Flora: Well, that's what they tell us, but who knows what really goes on in Simeland? I know my poor son died pure, and is in heaven.
Virla: I'm sure he is, Flora. But I saw my Magit at the Ford, and I know that she is living pure.
Flora: What happened, Virla? You used to be a decent pious woman, and now you're consorting with ... Simes.
Virla: Simes, yes. There's no need to be afraid of a mere human word. It's the Lord's Word that really matters. What could it be but the Lord's Will that brought just the right people into Gumgeeville to preserve the lives of two of our people, not only my Magit but ... another?
Virla: Magit was hiding in the cellar, and small blame to her. Who would want to be shot dead, after all?
Flora: It was her duty, to die before she killed.
Virla: It was her duty not to kill by any means possible!
Virla: Forgive me if I become a bit heated from time to time, Flora. This is a matter that touches us all very closely.
Flora: I'm sure it was very stressful for you. Having a child turn Sime... and live.
Flora shudders delicately.
Virla: "I shall live and not die, and declare the works of the Lord."
Flora wonders how a cursed Sime can speak the Lord's words, much less declare them.
Virla: When that man of God, that Donor, went where none of our men would dare to go, [scornful] though they would have been safe enough at the time, and escorted her to the one ... being ... in all Gumgeeville who could save both body and soul.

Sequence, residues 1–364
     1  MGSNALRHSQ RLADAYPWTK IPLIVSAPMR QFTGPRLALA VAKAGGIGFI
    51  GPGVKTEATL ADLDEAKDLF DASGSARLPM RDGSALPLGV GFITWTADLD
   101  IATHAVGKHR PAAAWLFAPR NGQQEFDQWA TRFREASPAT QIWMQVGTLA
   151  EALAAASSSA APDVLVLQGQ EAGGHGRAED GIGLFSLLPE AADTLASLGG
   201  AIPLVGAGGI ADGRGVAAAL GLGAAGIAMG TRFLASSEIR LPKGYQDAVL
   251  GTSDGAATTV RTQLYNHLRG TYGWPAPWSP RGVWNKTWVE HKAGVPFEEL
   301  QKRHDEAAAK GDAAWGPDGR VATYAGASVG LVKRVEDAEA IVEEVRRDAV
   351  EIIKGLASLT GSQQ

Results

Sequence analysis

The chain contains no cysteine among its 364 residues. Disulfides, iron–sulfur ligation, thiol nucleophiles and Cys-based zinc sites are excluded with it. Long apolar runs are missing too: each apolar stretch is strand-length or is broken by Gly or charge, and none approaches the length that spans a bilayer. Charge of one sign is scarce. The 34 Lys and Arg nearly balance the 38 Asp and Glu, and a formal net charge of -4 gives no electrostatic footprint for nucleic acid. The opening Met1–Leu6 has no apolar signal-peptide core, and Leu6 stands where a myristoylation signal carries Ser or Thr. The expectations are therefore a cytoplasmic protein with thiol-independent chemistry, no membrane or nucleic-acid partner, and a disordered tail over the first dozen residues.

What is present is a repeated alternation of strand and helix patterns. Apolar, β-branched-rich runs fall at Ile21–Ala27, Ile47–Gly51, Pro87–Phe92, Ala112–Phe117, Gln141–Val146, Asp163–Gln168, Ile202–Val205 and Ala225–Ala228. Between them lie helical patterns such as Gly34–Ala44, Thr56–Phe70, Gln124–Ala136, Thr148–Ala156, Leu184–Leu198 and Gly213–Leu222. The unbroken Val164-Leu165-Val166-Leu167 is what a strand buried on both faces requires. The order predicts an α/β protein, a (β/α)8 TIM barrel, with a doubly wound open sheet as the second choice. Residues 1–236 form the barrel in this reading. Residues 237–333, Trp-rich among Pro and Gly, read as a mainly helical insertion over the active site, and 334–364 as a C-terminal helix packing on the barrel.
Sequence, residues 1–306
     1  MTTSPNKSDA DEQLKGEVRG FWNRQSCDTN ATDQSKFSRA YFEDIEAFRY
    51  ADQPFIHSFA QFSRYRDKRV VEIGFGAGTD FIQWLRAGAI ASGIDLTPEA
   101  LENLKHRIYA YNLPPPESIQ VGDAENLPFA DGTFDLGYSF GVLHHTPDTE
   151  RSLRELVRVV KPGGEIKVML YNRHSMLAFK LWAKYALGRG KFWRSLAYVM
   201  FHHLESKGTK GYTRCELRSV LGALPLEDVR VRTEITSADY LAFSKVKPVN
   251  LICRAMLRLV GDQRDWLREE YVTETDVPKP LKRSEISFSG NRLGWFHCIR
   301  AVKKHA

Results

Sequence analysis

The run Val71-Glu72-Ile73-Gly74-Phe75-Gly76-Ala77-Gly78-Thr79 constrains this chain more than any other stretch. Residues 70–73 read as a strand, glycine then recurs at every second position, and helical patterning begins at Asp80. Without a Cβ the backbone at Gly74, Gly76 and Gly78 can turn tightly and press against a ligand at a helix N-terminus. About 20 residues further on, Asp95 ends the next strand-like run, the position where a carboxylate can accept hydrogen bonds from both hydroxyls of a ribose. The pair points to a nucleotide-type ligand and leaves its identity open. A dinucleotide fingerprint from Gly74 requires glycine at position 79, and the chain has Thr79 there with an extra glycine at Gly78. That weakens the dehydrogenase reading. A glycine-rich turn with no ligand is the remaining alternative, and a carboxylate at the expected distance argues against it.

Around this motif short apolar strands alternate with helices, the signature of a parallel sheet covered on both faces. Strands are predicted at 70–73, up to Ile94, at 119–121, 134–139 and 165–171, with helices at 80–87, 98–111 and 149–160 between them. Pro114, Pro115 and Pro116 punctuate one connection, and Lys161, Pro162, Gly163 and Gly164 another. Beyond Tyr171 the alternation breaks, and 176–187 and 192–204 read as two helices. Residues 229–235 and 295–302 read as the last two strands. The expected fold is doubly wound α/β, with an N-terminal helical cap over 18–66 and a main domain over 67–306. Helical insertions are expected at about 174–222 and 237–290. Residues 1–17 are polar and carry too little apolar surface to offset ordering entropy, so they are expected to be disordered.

Flora: I heard that boy was simple-minded.
Virla: Flora, you know perfectly well that wisdom, or in fact cleverness, in the ways of the world has nothing to do with virtue in the Lord's eyes.
Flora: I suppose so. But maybe he was just too stupid not to do what his master the Sime told him to do.
Virla: And what if he had been, though I don't believe it? The Sime, as you call him ...
Virla takes a deep breath.
Flora: I mean, if you were a Sime's slave, wouldn't you be afraid not to obey him?
Virla: Obey him to do what? If my Magit had been a Gen, he might have been luring her for a kill, I suppose. But she was a Sime already. The Sime, as you call him, was doing God's work himself. Whether he meant to or not.
Virla is well aware that she has just burnt her bridges, theologically speaking.
Flora is revolted at the concept. Everyone knows that Simes have no souls, so how can they do God's work?
Virla: You're not eating your cake, Flora.
Flora: Oh, yes.
Flora takes a forkful of cake.
Flora: Very nice, Virla.
Virla: Miz Fieda always has done a fine job with her cakes, yes.
Virla takes a forkful of cake and drinks some tea (her throat is getting a bit dry).
Flora: So this simpleton went down and lured the child out of the cellar and took her over to that lout Jed Mullins's place?